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Lock tail bridges

The background

On 3 June 2011, a 12 year old boy slipped into a lock while riding his bike over a narrow bridge at Stourport Canal Basin.  Newspaper reports indicated that he had insisted on riding his bike along the narrow bridge despite appeals from his friend to use a larger bridge nearby.  The Coroner recorded a verdict of accidental death and commented that no life rings or grabbing hooks had been in a “sufficiently close” location at the time. British Waterways’ head of safety, Anthony Stammers, said that life-saving equipment had been removed years ago due to problems with vandalism but that measures were now in place along with plans for handrails at the bridge.

In early 2012, reports starting coming in of scaffolding and wooden handrails being affixed to lock tail bridges on the rest of the Staffs & Worcs and on the Trent & Mersey.

Split bridge handrail

One piece handrail



Consultation and new designs

Trent & Mersey old bridge In February 2012, the Club received confirmation from BW that the wooden and scaffolding handrails were temporary measures until a more suitable design could be agreed upon.  The first draft drawings for Bumble Hole and Awbridge locks showed steel handrails but with what can only be described as “twiddly bits” on the ends – ideal for snagging ropes.  The drawings for Dimmingsdale showed more promise but one of the rails still had twiddly bits. The club responded by sending drawings, created by the club’s East Midlands Rep, Mike Harrison, of a simple practical design with no snagging points - very similar in style to the old ones seen here on the Trent & Mersey.

Further BW drawings were then seen for Cladwell, Ebstree, Falling Sands, Otherton, Rodbaston and Stewpony locks with handrails which, although the ends were not as curly as those in the first drawings, still had snagging parts projecting from the ends.  In addition, although there appeared to be split handrails, it was not certain that the bridges themselves would be split eg “A half height indent to be cut in to upstand to allude (our italics) to split bridge deck of original tail bridge”.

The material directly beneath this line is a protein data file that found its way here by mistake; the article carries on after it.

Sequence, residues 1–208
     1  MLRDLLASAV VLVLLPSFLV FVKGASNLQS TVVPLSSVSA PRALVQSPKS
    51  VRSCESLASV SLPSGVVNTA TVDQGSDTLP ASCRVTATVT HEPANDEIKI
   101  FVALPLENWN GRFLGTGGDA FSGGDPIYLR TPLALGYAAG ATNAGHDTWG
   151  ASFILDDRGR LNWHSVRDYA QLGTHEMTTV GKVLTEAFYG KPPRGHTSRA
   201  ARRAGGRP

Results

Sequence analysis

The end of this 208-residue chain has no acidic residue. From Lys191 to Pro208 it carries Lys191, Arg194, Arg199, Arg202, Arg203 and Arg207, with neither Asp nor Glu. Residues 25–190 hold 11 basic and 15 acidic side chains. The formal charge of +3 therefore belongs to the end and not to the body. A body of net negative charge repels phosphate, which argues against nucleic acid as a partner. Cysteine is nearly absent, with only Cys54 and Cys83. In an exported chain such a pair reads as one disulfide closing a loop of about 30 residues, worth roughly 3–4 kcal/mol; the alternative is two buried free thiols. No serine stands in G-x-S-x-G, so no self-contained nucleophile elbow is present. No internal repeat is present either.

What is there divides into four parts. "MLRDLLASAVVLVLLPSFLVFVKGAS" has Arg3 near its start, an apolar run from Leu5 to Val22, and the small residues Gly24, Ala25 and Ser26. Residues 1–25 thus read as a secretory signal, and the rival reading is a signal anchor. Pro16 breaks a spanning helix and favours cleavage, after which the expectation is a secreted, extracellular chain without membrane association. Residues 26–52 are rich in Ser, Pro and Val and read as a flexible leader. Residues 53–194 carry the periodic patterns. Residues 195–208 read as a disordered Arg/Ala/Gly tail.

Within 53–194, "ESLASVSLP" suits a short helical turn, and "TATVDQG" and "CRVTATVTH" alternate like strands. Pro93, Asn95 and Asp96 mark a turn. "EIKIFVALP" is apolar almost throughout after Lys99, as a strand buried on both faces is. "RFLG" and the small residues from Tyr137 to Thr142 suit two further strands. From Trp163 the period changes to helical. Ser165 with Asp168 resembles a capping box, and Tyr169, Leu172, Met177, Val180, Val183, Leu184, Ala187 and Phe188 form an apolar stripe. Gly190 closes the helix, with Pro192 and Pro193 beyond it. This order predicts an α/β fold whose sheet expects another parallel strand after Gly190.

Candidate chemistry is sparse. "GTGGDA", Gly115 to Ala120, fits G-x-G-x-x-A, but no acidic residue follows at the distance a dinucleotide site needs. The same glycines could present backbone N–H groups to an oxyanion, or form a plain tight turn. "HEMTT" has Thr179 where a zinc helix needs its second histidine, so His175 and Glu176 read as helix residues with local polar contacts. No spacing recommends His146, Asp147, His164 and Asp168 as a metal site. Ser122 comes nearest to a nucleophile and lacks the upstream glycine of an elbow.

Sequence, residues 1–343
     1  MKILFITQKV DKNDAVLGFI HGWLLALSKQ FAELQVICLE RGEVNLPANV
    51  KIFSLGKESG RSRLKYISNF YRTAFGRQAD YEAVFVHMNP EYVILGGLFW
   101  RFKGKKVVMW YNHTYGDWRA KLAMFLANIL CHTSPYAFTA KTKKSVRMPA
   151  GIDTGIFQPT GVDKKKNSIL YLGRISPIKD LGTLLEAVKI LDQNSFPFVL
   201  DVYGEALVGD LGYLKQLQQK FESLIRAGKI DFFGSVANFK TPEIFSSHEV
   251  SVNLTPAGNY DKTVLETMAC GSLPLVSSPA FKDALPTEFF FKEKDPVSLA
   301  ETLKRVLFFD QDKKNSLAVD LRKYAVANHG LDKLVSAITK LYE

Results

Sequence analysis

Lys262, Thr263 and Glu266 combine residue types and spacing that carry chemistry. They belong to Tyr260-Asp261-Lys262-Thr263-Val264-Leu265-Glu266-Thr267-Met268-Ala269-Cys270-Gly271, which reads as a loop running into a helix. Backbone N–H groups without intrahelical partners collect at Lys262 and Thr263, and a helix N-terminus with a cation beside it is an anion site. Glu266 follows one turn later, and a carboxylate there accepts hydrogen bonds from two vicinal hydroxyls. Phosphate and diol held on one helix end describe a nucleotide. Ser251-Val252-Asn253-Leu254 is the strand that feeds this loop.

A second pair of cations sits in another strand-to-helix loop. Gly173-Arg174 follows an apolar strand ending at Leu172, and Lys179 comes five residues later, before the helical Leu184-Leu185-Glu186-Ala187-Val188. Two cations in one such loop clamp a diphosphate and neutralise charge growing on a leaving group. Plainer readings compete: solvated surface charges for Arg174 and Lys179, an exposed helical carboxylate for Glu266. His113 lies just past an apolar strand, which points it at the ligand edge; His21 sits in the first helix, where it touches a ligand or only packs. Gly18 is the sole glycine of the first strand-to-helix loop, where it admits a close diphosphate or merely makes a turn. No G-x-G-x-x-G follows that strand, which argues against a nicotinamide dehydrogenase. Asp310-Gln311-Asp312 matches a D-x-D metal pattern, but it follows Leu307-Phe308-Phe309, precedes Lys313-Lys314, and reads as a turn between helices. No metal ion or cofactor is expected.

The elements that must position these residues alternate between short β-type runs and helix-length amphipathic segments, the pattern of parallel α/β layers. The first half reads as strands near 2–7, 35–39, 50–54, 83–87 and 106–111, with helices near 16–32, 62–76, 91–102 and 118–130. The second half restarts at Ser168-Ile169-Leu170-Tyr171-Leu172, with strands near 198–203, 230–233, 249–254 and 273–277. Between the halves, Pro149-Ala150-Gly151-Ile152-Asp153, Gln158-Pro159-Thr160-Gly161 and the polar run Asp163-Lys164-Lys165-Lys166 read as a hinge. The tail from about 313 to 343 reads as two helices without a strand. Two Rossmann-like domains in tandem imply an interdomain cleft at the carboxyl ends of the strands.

The handrails as now installed (April 2012) have been amended so that there are no snagging parts - well done BW for listening!

However, the rails and supporting girders do not blend particularly well with the existing visual intregity of the locks and in some cases (eg Fallings Sands) have reduced the headroom for boats, so that tall pipes, cans and in some cases, cratches, have to be removed.  Whilst this reduced headroom is within the published dimensions for the Staffs & Worcs, we see little point in building to the smallest dimension!


Freedom of Information requests

In March 2012, a club member made a Freedom of Information request to BW on two points:

1 He asked for information on the number of accidents known to BW at unfenced bridges at the tails of locks on the Staffordshire and Worcestershire canal (not including the recent drowning tragedy at Stourport) in each of the years 2000-2011.

Answer – “There are no records or reported incidents of persons falling from lock tail bridges, with the exception of the tragedy at Stourport which you have identified in your request.” (BW’s Customer Service Co-Ordinator, 19/03/2012)

2 He also asked to see the assessment of risk to boaters arising from operating the locks in question without the ability to use the tail bridges currently obstructed by scaffolding.

Answer – “Bridges which have been closed have alternative crossing points either via a lock gate walkway with an anti-slip surface and a handrail or a bridge in the immediate vicinity.   A number of other bridges have had temporary or permanent handrails fitted and remain open.  A basic onsite risk assessment was undertaken to decide whether closing the bridge was an acceptable control measure based on having a safer alternative crossing point in the immediate vicinity.  There is no written assessment of the decisions about whether to close or install temporary handrails were based on the judgment of the Engineers and Safety Advisors involved in the project.” (sic)  (BW’s Customer Service Co-Ordinator, 26/03/2012)

The club awaits reports from boaters of the practicality of using these alternative means of crossing the locks in question.  Having to go around a lock to cross it could mean valuable time wasted in an emergency closing of paddles. Please voice your thoughts to the local Waterways Manager, Dean Davies.


Further developments

At the West Midlands User Group meeting on Wednesday 25 April 2012, there was very lively discussion about the necessity of installing handrails, their placement and style.  The local Waterways Manager and the Principal Waterway Engineer agreed to look again at Falling Sands lock, in particular, to assess the impact of the seriously reduced headroom created by the low intallation of the handrail's supporting girder. They also apologised for not ensuring that warning notices were posted immediately and for the delay in painting the girders white. The PWE is keeping the club up-to-date with developments and has said "we do have some clear ideas on what we could do to relocate the beam and increase the headroom back to its original but we do need to re-consult with the local conservation officer as it will involve partially masking the structure. However, we feel that there is a balance to be had and we can clearly demonstrate the steps we have taken to date and the reason for the proposed change. The architect is preparing some details so we can begin the consultation process and move on with this as quickly as possible."  Excellent news!

There's a balanced and thoughtful anaylsis here by Sarah (Chertsey) on the dangers of health and safety.  Well worth a read.